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Lisa M. Barnett, Dean A. Dudley, Richard D. Telford, David R. Lubans, Anna S. Bryant, William M. Roberts, Philip J. Morgan, Natasha K. Schranz, Juanita R. Weissensteiner, Stewart A. Vella, Jo Salmon, Jenny Ziviani, Anthony D. Okely, Nalda Wainwright, John R. Evans and Richard J. Keegan

Assessment of physical literacy poses a dilemma of what instrument to use. There is currently no guide regarding the suitability of common assessment approaches. The purpose of this brief communication is to provide a user’s guide for selecting physical literacy assessment instruments appropriate for use in school physical education and sport settings. Although recommendations regarding specific instruments are not provided, the guide offers information about key attributes and considerations for the use. A decision flow chart has been developed to assist teachers and affiliated school practitioners to select appropriate methods of assessing physical literacy. School physical education and sport scenarios are presented to illustrate this process. It is important that practitioners are empowered to select the most appropriate instrument/s to suit their needs.

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Natasha Schranz, Tim Olds, Dylan Cliff, Melanie Davern, Lina Engelen, Billie Giles-Corti, Sjaan Gomersall, Louise Hardy, Kylie Hesketh, Andrew Hills, David Lubans, Doune Macdonald, Rona Macniven, Philip Morgan, Tony Okely, Anne-Maree Parish, Ron Plotnikoff, Trevor Shilton, Leon Straker, Anna Timperio, Stewart Trost, Stewart Vella, Jenny Ziviani and Grant Tomkinson

Background:

Like many other countries, Australia is facing an inactivity epidemic. The purpose of the Australian 2014 Physical Activity Report Card initiative was to assess the behaviors, settings, and sources of influences and strategies and investments associated with the physical activity levels of Australian children and youth.

Methods:

A Research Working Group (RWG) drawn from experts around Australia collaborated to determine key indicators, assess available datasets, and the metrics which should be used to inform grades for each indicator and factors to consider when weighting the data. The RWG then met to evaluate the synthesized data to assign a grade to each indicator.

Results:

Overall Physical Activity Levels were assigned a grade of D-. Other physical activity behaviors were also graded as less than average (D to D-), while Organized Sport and Physical Activity Participation was assigned a grade of B-. The nation performed better for settings and sources of influence and Government Strategies and Investments (A- to a C). Four incompletes were assigned due to a lack of representative quality data.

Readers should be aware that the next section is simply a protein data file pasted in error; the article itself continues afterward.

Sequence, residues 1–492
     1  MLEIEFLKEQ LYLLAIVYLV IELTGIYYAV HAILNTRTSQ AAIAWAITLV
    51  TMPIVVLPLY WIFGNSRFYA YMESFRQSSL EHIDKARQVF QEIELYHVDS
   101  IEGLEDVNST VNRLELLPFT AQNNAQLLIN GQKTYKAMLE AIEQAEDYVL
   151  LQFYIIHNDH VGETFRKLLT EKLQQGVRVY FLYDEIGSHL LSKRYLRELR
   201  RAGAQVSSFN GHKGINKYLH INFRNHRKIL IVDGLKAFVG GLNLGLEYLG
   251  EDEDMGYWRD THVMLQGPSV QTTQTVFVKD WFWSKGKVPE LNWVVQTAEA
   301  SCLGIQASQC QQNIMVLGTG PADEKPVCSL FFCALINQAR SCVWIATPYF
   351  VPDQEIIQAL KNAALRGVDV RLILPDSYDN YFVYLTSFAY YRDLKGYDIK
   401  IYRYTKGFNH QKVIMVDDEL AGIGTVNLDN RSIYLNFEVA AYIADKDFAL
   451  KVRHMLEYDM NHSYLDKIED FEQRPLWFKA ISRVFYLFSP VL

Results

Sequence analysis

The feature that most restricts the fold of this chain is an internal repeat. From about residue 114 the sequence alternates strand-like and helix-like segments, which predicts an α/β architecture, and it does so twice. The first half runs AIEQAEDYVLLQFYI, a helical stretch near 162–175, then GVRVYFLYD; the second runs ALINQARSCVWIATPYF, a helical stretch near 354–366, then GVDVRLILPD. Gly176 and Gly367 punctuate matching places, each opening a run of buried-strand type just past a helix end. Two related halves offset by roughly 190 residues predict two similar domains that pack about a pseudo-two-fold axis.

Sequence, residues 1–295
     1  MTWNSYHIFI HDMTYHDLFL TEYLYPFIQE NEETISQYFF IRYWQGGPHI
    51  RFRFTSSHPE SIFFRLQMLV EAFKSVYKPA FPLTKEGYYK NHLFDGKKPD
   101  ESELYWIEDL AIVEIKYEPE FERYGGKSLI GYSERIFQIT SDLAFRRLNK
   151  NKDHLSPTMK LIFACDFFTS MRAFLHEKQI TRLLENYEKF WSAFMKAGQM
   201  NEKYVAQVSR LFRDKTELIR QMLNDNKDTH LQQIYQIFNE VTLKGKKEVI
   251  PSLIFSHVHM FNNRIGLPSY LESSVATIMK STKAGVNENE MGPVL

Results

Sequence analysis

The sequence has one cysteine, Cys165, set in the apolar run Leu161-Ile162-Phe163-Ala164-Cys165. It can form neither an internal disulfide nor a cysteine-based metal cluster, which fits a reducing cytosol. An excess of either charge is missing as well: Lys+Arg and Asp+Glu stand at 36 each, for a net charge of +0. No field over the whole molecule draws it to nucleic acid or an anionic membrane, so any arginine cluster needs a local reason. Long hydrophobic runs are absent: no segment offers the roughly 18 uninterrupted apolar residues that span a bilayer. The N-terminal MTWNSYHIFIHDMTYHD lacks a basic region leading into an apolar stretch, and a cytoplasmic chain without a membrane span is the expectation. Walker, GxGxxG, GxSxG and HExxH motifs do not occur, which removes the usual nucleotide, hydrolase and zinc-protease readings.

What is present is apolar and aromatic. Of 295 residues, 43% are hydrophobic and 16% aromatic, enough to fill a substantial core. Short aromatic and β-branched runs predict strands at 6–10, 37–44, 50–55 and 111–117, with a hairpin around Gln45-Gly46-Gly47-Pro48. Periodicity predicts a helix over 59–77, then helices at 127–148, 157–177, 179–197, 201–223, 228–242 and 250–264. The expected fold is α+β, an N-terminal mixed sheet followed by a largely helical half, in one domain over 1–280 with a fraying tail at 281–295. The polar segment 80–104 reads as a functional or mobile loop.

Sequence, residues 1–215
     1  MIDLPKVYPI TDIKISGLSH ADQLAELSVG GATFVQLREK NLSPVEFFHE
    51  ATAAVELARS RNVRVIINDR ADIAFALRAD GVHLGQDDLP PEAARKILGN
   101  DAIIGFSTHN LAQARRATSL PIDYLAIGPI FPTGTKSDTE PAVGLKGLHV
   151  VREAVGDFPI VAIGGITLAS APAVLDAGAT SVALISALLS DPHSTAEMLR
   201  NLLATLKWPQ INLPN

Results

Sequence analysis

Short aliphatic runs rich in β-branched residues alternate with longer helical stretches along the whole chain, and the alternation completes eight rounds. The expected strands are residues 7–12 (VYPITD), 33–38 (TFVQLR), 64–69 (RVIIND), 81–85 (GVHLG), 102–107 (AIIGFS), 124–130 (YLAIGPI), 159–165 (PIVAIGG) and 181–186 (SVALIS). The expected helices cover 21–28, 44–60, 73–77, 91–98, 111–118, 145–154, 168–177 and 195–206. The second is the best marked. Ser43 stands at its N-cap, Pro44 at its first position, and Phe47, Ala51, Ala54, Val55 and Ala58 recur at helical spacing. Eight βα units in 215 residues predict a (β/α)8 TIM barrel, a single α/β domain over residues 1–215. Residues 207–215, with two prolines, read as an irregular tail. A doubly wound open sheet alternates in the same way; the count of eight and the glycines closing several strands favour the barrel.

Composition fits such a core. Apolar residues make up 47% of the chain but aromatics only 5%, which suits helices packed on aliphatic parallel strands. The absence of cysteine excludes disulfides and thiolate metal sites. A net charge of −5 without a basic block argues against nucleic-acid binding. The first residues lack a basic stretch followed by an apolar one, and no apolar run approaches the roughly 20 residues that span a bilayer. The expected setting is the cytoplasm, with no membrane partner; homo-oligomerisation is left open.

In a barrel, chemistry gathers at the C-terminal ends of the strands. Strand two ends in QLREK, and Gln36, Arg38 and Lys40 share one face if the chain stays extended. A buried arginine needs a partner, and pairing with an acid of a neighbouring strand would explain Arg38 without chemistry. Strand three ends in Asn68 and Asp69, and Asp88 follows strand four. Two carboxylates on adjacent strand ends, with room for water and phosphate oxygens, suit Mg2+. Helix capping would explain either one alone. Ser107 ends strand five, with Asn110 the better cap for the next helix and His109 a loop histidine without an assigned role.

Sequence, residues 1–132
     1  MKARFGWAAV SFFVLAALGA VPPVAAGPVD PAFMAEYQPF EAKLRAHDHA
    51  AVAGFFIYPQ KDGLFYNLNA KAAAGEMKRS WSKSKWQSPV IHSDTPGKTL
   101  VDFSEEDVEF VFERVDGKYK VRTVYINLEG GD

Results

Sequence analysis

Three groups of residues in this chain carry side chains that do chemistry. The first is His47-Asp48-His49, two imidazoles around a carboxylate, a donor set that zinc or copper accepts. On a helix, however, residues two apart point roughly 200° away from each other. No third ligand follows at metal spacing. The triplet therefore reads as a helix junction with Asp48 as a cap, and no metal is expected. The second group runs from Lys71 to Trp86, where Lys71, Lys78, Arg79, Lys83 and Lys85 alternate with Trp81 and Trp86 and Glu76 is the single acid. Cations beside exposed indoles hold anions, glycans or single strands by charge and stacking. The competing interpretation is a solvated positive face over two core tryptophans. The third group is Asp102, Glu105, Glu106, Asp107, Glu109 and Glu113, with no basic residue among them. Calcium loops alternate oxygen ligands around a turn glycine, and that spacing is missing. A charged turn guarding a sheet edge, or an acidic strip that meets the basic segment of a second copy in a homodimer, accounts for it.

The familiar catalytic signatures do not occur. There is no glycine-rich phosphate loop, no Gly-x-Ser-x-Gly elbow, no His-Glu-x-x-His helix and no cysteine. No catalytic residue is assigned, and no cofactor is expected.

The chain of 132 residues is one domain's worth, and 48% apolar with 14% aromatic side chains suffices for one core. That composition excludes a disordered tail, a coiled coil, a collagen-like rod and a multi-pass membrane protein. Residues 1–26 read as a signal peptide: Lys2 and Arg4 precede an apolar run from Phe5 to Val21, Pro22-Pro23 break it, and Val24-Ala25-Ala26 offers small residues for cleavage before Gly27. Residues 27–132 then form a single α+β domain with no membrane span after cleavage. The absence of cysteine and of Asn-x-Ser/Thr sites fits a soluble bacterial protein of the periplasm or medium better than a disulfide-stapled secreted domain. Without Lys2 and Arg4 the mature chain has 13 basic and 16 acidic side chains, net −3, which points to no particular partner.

Conclusions:

Evidence suggests that physical activity levels of Australian children remain very low, despite moderately supportive social, environmental and regulatory environments. There are clear gaps in the research which need to be filled and consistent data collection methods need to be put into place.

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Richard J. Keegan, Lisa M. Barnett, Dean A. Dudley, Richard D. Telford, David R. Lubans, Anna S. Bryant, William M. Roberts, Philip J. Morgan, Natasha K. Schranz, Juanita R. Weissensteiner, Stewart A. Vella, Jo Salmon, Jenny Ziviani, Anthony D. Okely, Nalda Wainwright and John R. Evans

Purpose: The development of a physical literacy definition and standards framework suitable for implementation in Australia. Method: Modified Delphi methodology. Results: Consensus was established on four defining statements: Core—Physical literacy is lifelong holistic learning acquired and applied in movement and physical activity contexts; Composition—Physical literacy reflects ongoing changes integrating physical, psychological, cognitive, and social capabilities; Importance—Physical literacy is vital in helping us lead healthy and fulfilling lives through movement and physical activity; and Aspiration—A physically literate person is able to draw on his/her integrated physical, psychological, cognitive, and social capacities to support health promoting and fulfilling movement and physical activity, relative to the situation and context, throughout the lifespan. The standards framework addressed four learning domains (physical, psychological, cognitive, and social), spanning five learning configurations/levels. Conclusion: The development of a bespoke program for a new context has important implications for both existing and future programs.